Prurigo simplex is a pruritus disorder of the skin characterized by extremely itchy skin nodules and lesions. Typically, there is no known direct cause of prurigo simplex, but some factors are known to trigger or aggravate it. This condition falls between chronic and acute, sometimes transitioning into a chronic condition. Many people experience a recurrence of the condition after periods of remission. Middle-aged patients are the most prone age group to this condition.
The most common prurigo simplex symptoms are skin nodules resembling insect bites that are intensely itchy. These nodules are frequently scratched open, becoming lesions that continue to itch. Sometimes the skin thickens and becomes discolored around the nodules. The scalp, arms, legs and trunk of the body are the most frequent sites of the bumps and lesions. Itching can become severe and habitual, worsening the condition and possibly causing infections in the open sores.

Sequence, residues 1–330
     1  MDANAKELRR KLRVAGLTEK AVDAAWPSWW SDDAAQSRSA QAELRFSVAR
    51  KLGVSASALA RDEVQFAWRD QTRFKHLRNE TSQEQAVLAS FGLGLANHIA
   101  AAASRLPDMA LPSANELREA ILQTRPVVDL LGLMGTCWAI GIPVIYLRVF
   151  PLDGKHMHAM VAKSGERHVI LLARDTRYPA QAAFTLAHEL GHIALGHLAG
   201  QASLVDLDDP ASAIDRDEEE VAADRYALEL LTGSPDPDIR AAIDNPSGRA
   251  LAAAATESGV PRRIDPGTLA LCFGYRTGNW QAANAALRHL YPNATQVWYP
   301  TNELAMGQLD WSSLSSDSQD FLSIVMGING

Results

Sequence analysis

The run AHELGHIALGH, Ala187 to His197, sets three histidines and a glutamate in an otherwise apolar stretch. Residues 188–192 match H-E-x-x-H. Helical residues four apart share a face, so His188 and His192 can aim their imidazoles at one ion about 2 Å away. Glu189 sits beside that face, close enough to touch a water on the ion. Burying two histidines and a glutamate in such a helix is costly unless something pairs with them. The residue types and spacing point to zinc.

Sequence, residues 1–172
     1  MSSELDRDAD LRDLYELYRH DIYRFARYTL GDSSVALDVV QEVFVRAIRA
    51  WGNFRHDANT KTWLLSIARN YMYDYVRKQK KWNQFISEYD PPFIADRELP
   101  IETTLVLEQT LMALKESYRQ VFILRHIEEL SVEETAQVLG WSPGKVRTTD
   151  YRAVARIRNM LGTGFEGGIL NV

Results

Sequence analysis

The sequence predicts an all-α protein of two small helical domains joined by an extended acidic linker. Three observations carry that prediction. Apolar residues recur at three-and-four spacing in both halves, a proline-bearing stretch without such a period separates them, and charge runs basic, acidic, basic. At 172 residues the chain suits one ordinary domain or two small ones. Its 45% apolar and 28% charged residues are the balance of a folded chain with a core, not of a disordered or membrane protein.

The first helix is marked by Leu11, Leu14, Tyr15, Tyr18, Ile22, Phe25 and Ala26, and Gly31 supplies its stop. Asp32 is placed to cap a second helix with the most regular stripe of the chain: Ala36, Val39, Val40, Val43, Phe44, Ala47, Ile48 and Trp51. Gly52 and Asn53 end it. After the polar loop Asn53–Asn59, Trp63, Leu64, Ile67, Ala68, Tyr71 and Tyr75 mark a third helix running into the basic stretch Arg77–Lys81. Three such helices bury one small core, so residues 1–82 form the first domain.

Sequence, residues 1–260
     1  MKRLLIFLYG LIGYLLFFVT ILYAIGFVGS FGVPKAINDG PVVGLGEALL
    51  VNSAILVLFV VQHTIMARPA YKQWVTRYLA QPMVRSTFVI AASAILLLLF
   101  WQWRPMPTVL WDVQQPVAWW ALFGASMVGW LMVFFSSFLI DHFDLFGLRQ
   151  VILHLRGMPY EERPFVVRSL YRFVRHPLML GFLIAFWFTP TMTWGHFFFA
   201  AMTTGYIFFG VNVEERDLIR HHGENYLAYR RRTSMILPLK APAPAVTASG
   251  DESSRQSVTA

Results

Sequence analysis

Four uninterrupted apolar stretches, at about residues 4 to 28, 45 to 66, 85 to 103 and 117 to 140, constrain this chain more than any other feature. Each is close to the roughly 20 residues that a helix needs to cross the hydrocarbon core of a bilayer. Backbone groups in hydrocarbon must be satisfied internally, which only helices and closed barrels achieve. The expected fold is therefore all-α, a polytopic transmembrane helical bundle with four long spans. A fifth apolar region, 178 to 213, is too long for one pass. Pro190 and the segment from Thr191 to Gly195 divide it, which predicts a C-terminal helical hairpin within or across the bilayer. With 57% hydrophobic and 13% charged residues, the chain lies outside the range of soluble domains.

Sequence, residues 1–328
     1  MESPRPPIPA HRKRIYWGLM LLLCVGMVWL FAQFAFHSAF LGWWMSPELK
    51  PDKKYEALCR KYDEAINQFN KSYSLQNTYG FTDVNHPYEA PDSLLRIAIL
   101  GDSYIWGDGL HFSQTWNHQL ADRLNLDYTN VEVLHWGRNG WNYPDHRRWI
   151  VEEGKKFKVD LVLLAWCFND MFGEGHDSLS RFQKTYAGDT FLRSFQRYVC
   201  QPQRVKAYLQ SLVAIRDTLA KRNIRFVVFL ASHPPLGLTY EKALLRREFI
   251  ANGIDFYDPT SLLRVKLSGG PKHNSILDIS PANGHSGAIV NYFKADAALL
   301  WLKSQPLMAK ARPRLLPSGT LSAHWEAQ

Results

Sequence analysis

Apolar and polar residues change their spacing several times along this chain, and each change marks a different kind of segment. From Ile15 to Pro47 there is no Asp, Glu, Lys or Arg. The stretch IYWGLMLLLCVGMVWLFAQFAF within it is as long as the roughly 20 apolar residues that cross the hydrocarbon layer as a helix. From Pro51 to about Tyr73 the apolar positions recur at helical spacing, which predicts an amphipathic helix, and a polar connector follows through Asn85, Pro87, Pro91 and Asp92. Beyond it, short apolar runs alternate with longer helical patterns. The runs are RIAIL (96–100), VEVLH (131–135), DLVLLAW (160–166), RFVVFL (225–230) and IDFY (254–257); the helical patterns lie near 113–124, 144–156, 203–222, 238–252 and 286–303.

Sometimes the nodules become less itchy and eventually disappear leaving a discolored area or scar tissue. The same nodules can persist for months or even years, though, without healing. Patients may experience a remission but then relapse with new nodules forming. The condition might also become chronic, with no periods of improvement and relief.
- James, William; Berger, Timothy; Elston, Dirk (2005). Andrews' Diseases of the Skin: Clinical Dermatology. (10th ed.). Saunders. ISBN 0-7216-2921-0.
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